CHICAGO, Dec. 11 (Xinhua) -- Hunger and malnutrition in infancy may lead to poor cognitive performance in midlife, said a study jointly conducted by researchers at University of Michigan (UM), Michigan State University and Columbia University.
Drawing on data from China's nationally representative longitudinal survey of middle-aged and older adults in 2011, the researchers used validated assessments of cognitive functions, including attention, time orientation and episodic memory, as part of their tests with 2,446 rural Chinese who were born between 1958 and 1963.
Participants were also asked to redraw a picture of two overlapped pentagons shown to them, in a way to assess their visuospatial skills.
In addition, researchers analyzed data from a follow-up survey in 2013 to see changes in cognition between 2011 and 2013.
The study found that the group born in 1959, who had malnutrition in utero and in the first two years of life, scored higher in the baseline study than the reference group born in 1963, a year without famine.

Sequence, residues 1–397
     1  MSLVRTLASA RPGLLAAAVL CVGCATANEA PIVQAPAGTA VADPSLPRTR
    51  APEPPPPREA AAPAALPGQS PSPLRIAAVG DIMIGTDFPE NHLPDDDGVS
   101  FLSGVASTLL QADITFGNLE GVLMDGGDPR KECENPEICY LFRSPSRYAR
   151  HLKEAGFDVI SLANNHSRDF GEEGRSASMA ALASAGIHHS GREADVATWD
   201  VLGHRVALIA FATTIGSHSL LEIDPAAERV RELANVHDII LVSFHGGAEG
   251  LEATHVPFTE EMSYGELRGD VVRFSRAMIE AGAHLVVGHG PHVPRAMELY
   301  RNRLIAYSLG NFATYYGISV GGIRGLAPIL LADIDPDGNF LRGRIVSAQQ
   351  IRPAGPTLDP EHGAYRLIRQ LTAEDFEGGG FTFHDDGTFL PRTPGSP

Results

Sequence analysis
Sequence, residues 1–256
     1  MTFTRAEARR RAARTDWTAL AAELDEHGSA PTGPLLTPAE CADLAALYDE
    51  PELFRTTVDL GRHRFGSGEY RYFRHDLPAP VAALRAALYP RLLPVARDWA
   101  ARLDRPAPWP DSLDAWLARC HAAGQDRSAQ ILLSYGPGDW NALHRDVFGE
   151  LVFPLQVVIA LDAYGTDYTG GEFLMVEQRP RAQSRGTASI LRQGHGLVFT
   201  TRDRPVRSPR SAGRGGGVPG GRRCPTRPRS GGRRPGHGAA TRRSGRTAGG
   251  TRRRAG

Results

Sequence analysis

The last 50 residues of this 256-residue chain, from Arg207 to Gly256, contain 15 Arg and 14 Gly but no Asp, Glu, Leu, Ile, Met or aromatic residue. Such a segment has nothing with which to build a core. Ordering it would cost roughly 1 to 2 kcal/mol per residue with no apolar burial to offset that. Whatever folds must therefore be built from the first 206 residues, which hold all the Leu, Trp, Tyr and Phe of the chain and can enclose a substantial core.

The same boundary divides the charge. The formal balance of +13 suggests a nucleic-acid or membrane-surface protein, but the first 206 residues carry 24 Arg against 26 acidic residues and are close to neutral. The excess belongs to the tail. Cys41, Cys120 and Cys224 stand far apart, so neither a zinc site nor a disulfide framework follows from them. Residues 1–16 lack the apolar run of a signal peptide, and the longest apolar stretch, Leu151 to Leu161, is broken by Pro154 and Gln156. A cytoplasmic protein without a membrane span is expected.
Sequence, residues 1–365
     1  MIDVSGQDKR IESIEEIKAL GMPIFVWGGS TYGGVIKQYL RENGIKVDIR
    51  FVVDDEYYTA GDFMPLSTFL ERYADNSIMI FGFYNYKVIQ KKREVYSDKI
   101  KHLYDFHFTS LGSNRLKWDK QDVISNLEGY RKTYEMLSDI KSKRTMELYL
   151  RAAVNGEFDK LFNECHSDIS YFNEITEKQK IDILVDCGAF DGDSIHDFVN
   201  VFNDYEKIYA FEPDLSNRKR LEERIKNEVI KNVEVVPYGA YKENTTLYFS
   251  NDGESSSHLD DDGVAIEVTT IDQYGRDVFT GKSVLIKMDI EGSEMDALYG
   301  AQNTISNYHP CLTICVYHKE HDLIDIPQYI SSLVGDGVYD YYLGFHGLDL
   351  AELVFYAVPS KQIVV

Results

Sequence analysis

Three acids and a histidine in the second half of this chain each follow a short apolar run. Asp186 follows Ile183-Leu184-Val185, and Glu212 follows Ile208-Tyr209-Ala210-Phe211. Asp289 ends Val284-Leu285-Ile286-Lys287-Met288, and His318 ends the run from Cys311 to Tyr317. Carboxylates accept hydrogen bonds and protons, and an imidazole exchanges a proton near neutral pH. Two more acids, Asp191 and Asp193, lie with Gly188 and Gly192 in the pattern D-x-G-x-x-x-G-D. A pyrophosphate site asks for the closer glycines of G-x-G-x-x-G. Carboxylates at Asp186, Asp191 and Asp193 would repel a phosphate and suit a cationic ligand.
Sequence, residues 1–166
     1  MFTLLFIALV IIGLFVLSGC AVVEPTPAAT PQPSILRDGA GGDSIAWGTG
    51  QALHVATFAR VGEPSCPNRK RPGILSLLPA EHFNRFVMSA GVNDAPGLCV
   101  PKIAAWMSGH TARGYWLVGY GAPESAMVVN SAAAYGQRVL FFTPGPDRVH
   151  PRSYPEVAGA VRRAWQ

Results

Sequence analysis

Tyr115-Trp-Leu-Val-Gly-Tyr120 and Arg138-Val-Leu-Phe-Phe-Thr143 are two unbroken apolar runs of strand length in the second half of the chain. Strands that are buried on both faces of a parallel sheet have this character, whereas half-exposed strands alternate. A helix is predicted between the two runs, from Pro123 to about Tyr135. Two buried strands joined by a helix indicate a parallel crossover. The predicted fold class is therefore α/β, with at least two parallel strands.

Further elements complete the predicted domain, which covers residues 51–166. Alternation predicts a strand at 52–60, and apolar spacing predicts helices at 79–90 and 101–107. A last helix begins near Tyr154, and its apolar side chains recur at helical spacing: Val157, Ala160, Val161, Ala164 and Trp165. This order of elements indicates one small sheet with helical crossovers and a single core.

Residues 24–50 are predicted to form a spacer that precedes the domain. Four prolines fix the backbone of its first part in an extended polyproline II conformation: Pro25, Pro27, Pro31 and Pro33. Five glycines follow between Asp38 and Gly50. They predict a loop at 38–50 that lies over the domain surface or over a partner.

"Despite having a higher general cognition at the baseline due to mortality selection, they (those born in 1959) experienced a sharper decline over a two-year follow-up," said Hongwei Xu, the lead author of the study and research assistant professor at UM's Institute for Social Research.
The study also showed that those born in 1961, the last year of the famine, had significantly lower cognitive scores than those born after the famine. No significant negative famine effects were found in people born in 1962 who were mildly affected by famine during the prenatal period and no exposure to famine after birth.
After controlling for the education factor, researchers still found negative impacts on middle-aged adults born in China's three years of famine period.
Accelerated midlife cognitive decline could increase the risk of dementia or Alzheimer's diseases down the road.
"China's population aging is accelerating," Xu said. "People tend to treat all types of cognitive decline as part of a normal aging process. But our study showed that these groups are very vulnerable due to hunger or malnutrition in utero and infancy."
The study, being the first to investigate the long-term cognitive consequences of early life exposure to famine in a non-Western context, has been published in the International Journal of Epidemiology.